And the president’s long believed and been very explicit about — that even as we find savings and enact cuts in programs where we — they can be found and can be enacted, we need to make targeted investments in infrastructure, research and development, or education and the like that help our economy grow in the long term. So –
TAPPER: So the answer’s no? It’s not there — it’s not there to offset any economic harm to job growth that might result as a result — because of the tax increases on wealthier Americans?
CARNEY: It’s not. It’s not.
CARNEY: It is a part — I mean, in the sense that it’s not specifically designed for that, it is part of the president’s broader approach to this, which is that you need to be very discriminating in how you approach it. You need to achieve savings where you can, significant savings, a trillion-plus in the original Budget Control Act, in discretionary nondefense and defense savings, additional $600 billion in savings put forward as part of his proposal, and in revenues from the wealthiest 2 percent. Coupled with that, you need to make targeted investments that help the economy grow, because, you know, the balance in the package is essential for the broader goal here, which is stronger growth, stronger job creation. He also believes that as a principle, deficit reduction done well, done right, is positive for the economy. So there aren’t pieces — they all go together, in his mind.
TAPPER: One last question. On the subject of Israel, in the last few weeks, whether it comes to the U.S. lobbying against the declaration of statehood or whatever for the Palestinians, the very successful results of the Iron Dome and the U.S. support for Israeli military activities in Gaza, the U.S. has been very steadfastly standing by Israel. I’m wondering, in light of that, other than you expressing displeasure and any paper statements that have gone out on the matter, what the Obama administration, what the president has done or any of his emissaries to express displeasure with what the Israelis are doing right now in terms of settlements and other things described as punitive actions against the Palestinians.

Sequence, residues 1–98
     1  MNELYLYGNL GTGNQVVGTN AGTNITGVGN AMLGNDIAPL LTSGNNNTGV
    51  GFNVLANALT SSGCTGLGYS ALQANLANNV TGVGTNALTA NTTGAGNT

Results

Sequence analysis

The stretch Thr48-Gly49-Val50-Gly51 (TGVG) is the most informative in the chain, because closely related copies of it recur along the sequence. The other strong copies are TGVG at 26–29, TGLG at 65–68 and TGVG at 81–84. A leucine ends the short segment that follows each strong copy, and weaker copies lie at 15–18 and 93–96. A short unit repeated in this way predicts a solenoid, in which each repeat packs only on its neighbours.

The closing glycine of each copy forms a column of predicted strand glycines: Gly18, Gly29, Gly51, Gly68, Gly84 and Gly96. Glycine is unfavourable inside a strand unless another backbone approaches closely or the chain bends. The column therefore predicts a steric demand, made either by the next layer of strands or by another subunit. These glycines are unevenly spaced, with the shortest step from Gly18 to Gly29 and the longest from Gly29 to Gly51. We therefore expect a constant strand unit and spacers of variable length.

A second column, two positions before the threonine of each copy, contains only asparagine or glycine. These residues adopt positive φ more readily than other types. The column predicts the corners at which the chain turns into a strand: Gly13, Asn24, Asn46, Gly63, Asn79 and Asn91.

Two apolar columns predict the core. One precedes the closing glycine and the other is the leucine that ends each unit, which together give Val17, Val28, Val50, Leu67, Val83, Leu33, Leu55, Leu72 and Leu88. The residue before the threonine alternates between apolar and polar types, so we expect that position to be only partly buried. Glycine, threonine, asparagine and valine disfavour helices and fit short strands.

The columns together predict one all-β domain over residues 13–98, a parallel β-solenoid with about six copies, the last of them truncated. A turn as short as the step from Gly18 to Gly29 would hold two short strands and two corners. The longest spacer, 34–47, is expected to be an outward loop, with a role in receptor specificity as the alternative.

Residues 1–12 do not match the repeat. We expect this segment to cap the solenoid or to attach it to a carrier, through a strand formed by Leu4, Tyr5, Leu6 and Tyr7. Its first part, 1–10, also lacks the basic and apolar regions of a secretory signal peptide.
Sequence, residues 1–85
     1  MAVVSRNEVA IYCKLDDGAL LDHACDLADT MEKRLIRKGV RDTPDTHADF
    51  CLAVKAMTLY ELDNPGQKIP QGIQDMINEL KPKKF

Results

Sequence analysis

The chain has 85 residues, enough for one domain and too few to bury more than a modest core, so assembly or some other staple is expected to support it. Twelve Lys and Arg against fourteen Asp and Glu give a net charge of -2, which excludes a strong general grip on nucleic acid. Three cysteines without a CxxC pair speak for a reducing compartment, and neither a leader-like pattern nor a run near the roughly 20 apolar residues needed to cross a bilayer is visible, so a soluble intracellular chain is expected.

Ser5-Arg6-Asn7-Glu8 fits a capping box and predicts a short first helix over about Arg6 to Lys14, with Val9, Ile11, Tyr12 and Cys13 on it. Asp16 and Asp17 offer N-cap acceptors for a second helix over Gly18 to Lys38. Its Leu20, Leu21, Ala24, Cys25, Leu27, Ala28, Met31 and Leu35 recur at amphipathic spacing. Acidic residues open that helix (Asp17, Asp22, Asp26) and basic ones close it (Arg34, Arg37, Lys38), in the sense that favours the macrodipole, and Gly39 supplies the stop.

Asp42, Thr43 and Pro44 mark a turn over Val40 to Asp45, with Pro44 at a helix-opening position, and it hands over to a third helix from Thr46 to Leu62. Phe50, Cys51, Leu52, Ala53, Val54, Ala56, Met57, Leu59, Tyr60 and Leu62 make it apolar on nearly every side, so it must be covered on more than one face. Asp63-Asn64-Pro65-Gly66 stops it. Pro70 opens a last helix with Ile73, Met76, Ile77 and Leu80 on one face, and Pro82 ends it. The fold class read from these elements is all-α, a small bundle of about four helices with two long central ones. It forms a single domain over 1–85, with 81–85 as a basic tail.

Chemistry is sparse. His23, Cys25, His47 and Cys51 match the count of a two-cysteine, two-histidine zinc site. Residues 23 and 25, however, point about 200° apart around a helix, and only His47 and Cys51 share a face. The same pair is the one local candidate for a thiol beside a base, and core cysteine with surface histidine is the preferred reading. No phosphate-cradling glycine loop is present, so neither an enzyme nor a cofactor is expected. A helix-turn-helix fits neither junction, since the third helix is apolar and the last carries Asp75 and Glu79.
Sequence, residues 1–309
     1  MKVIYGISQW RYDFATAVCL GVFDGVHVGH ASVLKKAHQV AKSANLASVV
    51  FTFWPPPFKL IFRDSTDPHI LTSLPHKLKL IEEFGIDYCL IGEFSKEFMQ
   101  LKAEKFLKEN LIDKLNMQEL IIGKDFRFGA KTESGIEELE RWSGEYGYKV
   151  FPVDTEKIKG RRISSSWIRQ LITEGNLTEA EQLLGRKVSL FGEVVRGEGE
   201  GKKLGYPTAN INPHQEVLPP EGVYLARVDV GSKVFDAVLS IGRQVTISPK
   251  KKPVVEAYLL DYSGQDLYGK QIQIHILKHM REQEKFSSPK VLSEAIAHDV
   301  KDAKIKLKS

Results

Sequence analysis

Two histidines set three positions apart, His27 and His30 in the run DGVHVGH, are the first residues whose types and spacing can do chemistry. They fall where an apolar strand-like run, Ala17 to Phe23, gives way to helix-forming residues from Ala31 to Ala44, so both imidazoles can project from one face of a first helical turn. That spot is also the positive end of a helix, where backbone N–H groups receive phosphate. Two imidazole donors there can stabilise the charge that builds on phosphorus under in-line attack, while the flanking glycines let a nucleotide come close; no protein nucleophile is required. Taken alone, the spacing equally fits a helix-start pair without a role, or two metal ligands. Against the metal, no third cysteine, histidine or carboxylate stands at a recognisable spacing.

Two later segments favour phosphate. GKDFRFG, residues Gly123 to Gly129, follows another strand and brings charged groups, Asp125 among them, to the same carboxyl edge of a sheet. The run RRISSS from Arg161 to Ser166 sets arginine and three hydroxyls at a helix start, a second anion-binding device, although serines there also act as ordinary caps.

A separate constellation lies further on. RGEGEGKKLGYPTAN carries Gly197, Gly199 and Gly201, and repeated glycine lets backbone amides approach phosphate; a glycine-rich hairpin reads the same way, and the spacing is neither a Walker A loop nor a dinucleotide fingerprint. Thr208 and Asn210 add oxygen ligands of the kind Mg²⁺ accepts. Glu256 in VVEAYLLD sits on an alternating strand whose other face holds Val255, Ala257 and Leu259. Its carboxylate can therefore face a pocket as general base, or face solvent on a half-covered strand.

CARNEY: Well, I would refer you to the State Department for communications that may be taking place, as they do on a daily basis, with the Israelis.
TAPPER: So the president hasn’t called Bibi?
CARNEY: I don’t have any conversations of the president’s to read out. But you know, I want to be clear. We oppose unilateral actions that make a return to bilateral negotiations harder.
We oppose, as we long have, Israeli settlement activity and construction in East Jerusalem because they are counterproductive to what we believe is the goal here and should be the goal, which is Israel and a Palestinian state side by side, living in security and freedom. So –
TAPPER: Did we know — did the U.S. know about this before the Netanyahu government announced it?
CARNEY: You know, I wouldn’t — I would refer you to the State Department for those kinds of communications. I can just tell you that –
TAPPER: But in the past, they’ve done it without notifying. In fact, I believe there was one time in — when it was — Netanyahu was arriving here and the announcement was made.
CARNEY: I don’t have information to give you –
TAPPER: When you worked for the vice president — you must remember, when you — when the vice president arrived in Israel one time there was an announcement. That must have been fun.
CARNEY: I can just tell you, Jake, that I don’t have any specific information about those communications between the Israeli government and this administration. We — I don’t think we could be clearer about our position that we oppose unilateral actions that make the return to bilateral negotiations harder. We oppose Israeli settlement activity and construction in East Jerusalem and, you know, we’re obviously communicating that.
TAPPER: But there’s no consequences. They’ll do whatever and you’ll –
CARNEY: Yeah, I don’t have anything additional to provide to you on that.